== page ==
Santorum, GOP continue anti-sharia campaign

The GOP continued its campaign against sharia law last week, with potential 2012 presidential candidate Rick Santorum telling a group … Continued

The GOP continued its campaign against sharia law last week, with potential 2012 presidential candidate Rick Santorum telling a group in New Hampshire that the Islamic code of conduct is “evil.” Politico’s Kendra Marr said that Santorum’s anti-sharia rhetoric indicated that the former Pennsylvania senator was “continu(ing) to establish himself as the candidate most-aligned with the Republican Party’s conservative base.”

Many of Santorum’s likely contenders for the GOP presidential nomination have made similar statements about Islam.

Charlie Neibergall

AP

Former Pennsylvania Sen. Rick Santorum (R), a strong social conservative, would likely be regarded as a heavyweight if he hadn’t lost his seat by 18 points in 2006. Still, Santorum has been steadily working to show that he’s a serious candidate.

After Former Arkansas governor Mike Huckabee recently called Islam the “antithesis of the gospel of Christ” during an interview on Fox & Friends, On Faith asked our panelists about debating Islam on the campaign trail. Conservative commentator Cal Thomas reasoned that “Islamism affects American politics,” thus it should be discussed during political debate; but Pastor Joel Hunter, a spiritual advisor to President Obama, said that campaigning against Islam is about power, not spirituality and “to stereotype any faith by one scripture reference or fundamentalist sect is unfair and uninformed.” For more takes on Islam’s rhetorical role in political debates, go here.

Nearly 10 years after the terrorist attack that brought radical Islam to the fore of American consciousness, a fierce debate over the faith’s compatibility with American values has emerged as a major political issue, of which King’s hearings on Islam are only the latest example.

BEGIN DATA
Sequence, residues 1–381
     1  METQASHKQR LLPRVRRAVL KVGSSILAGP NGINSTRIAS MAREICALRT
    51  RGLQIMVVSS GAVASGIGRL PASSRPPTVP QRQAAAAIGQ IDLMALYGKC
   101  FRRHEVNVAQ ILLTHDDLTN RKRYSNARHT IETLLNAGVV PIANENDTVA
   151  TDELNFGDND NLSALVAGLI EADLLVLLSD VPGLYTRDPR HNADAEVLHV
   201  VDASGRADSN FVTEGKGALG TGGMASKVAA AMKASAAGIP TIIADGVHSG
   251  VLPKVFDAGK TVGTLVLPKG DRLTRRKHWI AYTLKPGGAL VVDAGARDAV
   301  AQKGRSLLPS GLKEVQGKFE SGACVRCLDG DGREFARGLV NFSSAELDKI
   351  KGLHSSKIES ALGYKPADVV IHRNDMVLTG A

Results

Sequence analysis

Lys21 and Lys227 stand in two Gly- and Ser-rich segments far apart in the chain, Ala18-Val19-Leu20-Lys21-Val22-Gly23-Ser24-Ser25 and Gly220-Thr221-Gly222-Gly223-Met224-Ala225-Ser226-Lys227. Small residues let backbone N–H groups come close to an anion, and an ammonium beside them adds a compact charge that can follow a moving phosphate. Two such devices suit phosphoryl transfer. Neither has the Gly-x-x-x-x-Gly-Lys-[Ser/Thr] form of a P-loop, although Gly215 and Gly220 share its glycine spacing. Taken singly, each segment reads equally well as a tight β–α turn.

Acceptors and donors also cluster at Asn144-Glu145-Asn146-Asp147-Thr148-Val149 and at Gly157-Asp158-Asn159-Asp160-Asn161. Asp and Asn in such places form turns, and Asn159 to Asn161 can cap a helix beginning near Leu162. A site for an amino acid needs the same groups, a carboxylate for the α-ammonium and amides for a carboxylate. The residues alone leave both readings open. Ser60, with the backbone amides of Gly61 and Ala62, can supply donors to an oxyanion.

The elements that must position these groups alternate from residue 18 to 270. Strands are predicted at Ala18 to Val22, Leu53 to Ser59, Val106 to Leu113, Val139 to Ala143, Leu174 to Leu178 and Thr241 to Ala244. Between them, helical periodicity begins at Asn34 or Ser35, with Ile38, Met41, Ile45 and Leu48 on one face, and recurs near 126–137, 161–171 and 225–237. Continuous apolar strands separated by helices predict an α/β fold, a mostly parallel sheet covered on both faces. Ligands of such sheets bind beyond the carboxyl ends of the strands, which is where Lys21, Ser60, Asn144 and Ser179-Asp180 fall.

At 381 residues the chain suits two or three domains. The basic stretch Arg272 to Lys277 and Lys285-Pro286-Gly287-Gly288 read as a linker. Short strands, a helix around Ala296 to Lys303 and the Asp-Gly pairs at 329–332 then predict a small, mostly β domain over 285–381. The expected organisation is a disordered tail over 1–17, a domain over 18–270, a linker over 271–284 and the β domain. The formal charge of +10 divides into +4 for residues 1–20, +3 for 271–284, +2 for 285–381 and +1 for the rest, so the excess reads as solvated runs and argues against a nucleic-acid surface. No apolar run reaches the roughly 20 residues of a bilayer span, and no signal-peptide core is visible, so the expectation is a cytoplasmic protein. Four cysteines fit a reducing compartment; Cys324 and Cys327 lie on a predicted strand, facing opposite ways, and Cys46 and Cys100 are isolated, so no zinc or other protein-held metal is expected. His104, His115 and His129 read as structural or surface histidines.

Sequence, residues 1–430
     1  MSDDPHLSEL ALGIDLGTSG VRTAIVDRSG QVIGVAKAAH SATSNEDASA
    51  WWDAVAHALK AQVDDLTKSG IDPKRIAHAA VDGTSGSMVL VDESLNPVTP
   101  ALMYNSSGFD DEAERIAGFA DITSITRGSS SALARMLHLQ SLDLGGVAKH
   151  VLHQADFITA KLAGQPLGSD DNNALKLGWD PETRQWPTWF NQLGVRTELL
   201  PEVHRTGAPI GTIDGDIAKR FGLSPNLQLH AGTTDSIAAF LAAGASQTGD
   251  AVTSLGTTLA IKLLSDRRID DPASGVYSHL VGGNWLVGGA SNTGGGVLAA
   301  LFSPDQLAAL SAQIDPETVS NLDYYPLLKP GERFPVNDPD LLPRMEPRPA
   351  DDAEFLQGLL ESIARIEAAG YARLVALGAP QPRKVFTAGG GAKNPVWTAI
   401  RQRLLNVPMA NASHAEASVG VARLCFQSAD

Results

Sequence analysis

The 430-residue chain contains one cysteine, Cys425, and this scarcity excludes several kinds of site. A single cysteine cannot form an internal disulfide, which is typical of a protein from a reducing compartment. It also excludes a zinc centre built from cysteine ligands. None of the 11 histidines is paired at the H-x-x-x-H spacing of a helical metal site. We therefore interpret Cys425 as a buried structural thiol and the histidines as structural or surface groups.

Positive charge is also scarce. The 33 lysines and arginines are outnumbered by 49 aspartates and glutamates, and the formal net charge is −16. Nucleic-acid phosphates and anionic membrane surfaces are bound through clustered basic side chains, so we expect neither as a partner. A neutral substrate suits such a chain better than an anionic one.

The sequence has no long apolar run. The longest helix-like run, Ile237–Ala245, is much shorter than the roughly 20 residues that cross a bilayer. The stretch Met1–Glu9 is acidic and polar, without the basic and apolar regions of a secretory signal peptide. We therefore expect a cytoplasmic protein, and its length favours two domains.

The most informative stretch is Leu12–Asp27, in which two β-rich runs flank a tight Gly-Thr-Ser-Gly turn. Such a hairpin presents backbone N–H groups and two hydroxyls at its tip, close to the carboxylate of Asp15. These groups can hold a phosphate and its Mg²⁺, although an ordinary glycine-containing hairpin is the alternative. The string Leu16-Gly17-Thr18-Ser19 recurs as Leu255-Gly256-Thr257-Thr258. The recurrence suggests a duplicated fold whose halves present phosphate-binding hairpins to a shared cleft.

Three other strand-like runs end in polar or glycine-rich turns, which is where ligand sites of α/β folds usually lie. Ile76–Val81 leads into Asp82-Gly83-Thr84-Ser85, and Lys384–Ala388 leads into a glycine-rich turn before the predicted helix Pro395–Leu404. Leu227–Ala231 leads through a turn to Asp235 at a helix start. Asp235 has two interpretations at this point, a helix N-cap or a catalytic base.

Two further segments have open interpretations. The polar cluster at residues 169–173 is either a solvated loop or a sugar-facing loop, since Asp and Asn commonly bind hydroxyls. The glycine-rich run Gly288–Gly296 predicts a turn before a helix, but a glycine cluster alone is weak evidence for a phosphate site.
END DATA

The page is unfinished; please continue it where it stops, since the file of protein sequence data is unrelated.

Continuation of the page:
Sharia, the Islamic code that guides the behavior of Muslims, has become a particularly charged term in American culture and politics. During last summer’s debate about the Islamic center planned near Ground Zero, Post religion reporter Michelle Boorstein wrote
For critics of Islam,’sharia’ becomes shorthand for extremism
, contending that “ the word has become akin to a slur in some camps.”

Anti-Sharia laws have recently been proposed in Tennessee and Alabama , and Oklahoma voters passed a resolution in November that prohibits the use of sharia law when making rulings. When critics of sharia talk about the body of laws, they are largely referring to some of the worst offenses against human rights enacted in the name of Islam. For one example on how sharia entered American political consciousness, here’s Newt Gingrich’s July 2010 interpretation of the vast and complex legal code. At the September 2010 Values Voters Summit, Gingrich called for a federal ban on sharia law.

A 2007 Pew survey on American Muslims found that the group is “middle class and mostly mainstream;” and Santorum himself claimed in New Hampshire that the “vast majority” of Muslims don’t want to live under a radical interpretation of their faith.

What explains the sudden conservative focus on Islam?

Is Politico’s Marr correct that Santorum’s anti-Sharia sentiment means he’s the “most-aligned with the Republican Party’s conservative base?”

About

Elizabeth Tenety Elizabeth Tenety is the former editor of On Faith, where she produced "Divine Impulses," On Faith’s video interview series. She studied Theology and Government at Georgetown University and received her master’s degree from Northwestern University’s Medill School of Journalism. A New York native, Elizabeth grew up in the home of Catholic news junkies where, somewhere in between watching the nightly news and participating in parish life, she learned to ponder both the superficial and the sacred.
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